Equipment Type

NICB Releases 2013 Heavy Equipment Theft Report

The National Insurance Crime Bureau (NICB) released a report on heavy equipment thefts in 2013.

October 29, 2014

The National Insurance Crime Bureau (NICB) released a report on heavy equipment thefts in 2013. This report, co-produced with the National Equipment Register, examines heavy equipment theft data submitted by law enforcement to the National Crime Information Center and profiles that data according to theft state, theft city, theft month, equipment manufacturer, equipment style (type) and year of manufacture. The report also examines heavy equipment recoveries in 2013 based on those same criteria. 

In 2013, a total of 11,486 heavy equipment thefts were reported to law enforcement—an increase of 5 percent from the 10,925 reported in 2012. 

Texas ranked number one in 2013 with 1,494 reported thefts. In second place was North Carolina with 913 thefts followed by Florida in third with 892 thefts. In fourth place was California with 734 thefts and South Carolina is fifth with 691. The top five cities with the most thefts were Houston, Texas (199); Oklahoma City, Okla. (111); San Antonio, Texas (82); Miami, Fla. (77); and West Palm Beach, Fla. (72).

The three most stolen heavy equipment items in 2013 were:

  1. Mowers (riding or garden tractor: 5,186)
  2. Loaders (skid steer, wheeled: 1,920)
  3. Tractors (wheeled or tracked: 1,362)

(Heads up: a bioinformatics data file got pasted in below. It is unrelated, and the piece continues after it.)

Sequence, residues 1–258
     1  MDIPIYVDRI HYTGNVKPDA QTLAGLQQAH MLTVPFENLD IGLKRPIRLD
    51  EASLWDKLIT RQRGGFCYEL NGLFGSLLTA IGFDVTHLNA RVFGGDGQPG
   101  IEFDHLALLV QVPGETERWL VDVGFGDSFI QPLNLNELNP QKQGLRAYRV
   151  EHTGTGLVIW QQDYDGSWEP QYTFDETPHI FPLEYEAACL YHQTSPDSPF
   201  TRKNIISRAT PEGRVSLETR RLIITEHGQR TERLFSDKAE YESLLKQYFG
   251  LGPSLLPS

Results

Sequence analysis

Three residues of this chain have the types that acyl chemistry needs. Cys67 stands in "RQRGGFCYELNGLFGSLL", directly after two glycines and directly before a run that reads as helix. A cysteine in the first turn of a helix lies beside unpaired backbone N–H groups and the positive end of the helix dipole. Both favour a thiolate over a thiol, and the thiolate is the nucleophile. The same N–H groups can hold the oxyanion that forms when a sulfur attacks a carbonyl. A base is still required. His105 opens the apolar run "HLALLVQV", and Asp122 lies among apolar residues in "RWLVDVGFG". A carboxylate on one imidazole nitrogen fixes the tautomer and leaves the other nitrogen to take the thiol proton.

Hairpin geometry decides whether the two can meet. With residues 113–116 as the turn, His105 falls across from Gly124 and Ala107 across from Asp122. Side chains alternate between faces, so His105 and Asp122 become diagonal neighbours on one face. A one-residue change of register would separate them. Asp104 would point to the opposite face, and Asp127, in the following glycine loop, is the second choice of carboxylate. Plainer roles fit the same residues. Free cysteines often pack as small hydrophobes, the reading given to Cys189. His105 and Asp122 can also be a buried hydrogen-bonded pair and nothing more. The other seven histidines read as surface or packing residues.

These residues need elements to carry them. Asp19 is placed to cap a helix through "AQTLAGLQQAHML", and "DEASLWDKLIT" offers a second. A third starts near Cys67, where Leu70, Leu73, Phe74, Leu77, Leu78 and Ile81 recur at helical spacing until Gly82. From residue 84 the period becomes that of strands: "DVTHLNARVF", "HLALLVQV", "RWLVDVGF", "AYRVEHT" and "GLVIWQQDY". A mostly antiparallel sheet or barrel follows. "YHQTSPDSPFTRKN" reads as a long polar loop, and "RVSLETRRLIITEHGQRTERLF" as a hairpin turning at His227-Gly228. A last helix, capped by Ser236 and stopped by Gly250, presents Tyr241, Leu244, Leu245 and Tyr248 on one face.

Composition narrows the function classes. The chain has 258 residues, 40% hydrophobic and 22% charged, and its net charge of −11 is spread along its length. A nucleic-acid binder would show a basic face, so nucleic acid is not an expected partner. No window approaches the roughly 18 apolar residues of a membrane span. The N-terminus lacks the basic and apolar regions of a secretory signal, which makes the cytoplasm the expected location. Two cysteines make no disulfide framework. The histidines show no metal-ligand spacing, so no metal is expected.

Heavy equipment manufactured by John Deere was the number one theft target in 2013 followed in order by Kubota Tractor Corp., Bobcat, Caterpillar and Toro. 

As for recoveries, only 21 percent of heavy equipment stolen in 2013 was found, making it a costly crime for insurance companies, equipment owners and rental agencies. 

NICB urges equipment owners to incorporate theft prevention strategies into their business practices and recommends the following theft prevention tips:

  • Install hidden fuel shut-off systems.
  • Remove fuses and circuit breakers when equipment is unattended.
  • Render equipment immobile or difficult to move after hours or on weekends by clustering it in a “wagon circle.” Place more easily transported items, such as generators and compressors, in the middle of the circle surrounded by larger pieces of equipment.
  • Maintain a photo archive and a specific list of the PIN and component part serial numbers of each piece of heavy equipment in a central location. Stamp or engrave equipment parts with identifying marks, numbers or corporate logos.
  • Use hydro locks to fix articulated equipment in a curved position, preventing it from traveling in a straight line.
  • Use sleeve locks to fix backhoe pads in an extended position, keeping wheels off the ground.

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